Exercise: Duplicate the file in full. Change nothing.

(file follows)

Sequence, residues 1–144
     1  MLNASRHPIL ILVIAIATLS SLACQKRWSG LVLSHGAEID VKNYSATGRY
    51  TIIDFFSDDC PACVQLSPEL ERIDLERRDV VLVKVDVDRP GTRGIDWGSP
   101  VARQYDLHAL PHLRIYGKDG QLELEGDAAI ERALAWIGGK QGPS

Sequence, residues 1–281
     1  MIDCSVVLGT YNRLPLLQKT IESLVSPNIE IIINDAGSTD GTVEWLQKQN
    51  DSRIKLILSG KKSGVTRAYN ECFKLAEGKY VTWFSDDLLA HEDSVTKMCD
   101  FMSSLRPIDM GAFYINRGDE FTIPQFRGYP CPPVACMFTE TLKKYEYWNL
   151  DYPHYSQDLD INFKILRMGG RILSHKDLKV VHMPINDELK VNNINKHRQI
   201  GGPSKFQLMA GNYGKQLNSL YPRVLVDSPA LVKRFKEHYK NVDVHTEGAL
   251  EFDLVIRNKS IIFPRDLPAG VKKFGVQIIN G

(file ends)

Sequence, residues 1–144
     1  MLNASRHPIL ILVIAIATLS SLACQKRWSG LVLSHGAEID VKNYSATGRY
    51  TIIDFFSDDC PACVQLSPEL ERIDLERRDV VLVKVDVDRP GTRGIDWGSP
   101  VARQYDLHAL PHLRIYGKDG QLELEGDAAI ERALAWIGGK QGPS

Sequence, residues 1–281
     1  MIDCSVVLGT YNRLPLLQKT IESLVSPNIE IIINDAGSTD GTVEWLQKQN
    51  DSRIKLILSG KKSGVTRAYN ECFKLAEGKY VTWFSDDLLA HEDSVTKMCD
   101  FMSSLRPIDM GAFYINRGDE FTIPQFRGYP CPPVACMFTE TLKKYEYWNL
   151  DYPHYSQDLD INFKILRMGG RILSHKDLKV VHMPINDELK VNNINKHRQI
   201  GGPSKFQLMA GNYGKQLNSL YPRVLVDSPA LVKRFKEHYK NVDVHTEGAL
   251  EFDLVIRNKS IIFPRDLPAG VKKFGVQIIN G